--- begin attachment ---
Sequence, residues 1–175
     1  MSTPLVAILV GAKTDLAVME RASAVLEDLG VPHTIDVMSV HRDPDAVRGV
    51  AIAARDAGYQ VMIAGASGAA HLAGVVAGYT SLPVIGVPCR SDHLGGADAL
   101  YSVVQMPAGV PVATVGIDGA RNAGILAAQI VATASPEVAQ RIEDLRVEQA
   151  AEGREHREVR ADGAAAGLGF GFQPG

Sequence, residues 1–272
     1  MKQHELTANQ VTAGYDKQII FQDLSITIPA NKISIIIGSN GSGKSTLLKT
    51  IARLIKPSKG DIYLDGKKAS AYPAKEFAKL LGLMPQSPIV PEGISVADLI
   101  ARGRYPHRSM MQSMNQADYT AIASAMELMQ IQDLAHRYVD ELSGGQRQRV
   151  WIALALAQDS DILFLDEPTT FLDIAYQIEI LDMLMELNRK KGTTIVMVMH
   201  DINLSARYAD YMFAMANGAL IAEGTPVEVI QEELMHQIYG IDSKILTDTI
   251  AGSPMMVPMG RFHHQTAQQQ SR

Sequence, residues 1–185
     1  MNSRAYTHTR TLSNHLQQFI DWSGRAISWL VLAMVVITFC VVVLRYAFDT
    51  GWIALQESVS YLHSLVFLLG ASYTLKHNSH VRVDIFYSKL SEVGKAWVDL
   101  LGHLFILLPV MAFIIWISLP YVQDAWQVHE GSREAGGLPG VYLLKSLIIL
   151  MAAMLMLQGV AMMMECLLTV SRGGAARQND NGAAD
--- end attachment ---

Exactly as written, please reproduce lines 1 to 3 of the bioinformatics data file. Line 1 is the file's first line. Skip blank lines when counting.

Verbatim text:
Sequence, residues 1–175
     1  MSTPLVAILV GAKTDLAVME RASAVLEDLG VPHTIDVMSV HRDPDAVRGV
    51  AIAARDAGYQ VMIAGASGAA HLAGVVAGYT SLPVIGVPCR SDHLGGADAL